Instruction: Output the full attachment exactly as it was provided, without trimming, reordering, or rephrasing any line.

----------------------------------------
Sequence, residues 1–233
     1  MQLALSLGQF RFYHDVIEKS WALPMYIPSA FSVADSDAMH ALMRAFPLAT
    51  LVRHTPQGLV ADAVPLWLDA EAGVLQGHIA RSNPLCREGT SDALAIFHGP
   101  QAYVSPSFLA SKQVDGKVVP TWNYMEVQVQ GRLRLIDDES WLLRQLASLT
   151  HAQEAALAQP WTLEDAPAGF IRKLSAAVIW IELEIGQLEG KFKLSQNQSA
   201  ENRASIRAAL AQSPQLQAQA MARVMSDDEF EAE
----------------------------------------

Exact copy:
Sequence, residues 1–233
     1  MQLALSLGQF RFYHDVIEKS WALPMYIPSA FSVADSDAMH ALMRAFPLAT
    51  LVRHTPQGLV ADAVPLWLDA EAGVLQGHIA RSNPLCREGT SDALAIFHGP
   101  QAYVSPSFLA SKQVDGKVVP TWNYMEVQVQ GRLRLIDDES WLLRQLASLT
   151  HAQEAALAQP WTLEDAPAGF IRKLSAAVIW IELEIGQLEG KFKLSQNQSA
   201  ENRASIRAAL AQSPQLQAQA MARVMSDDEF EAE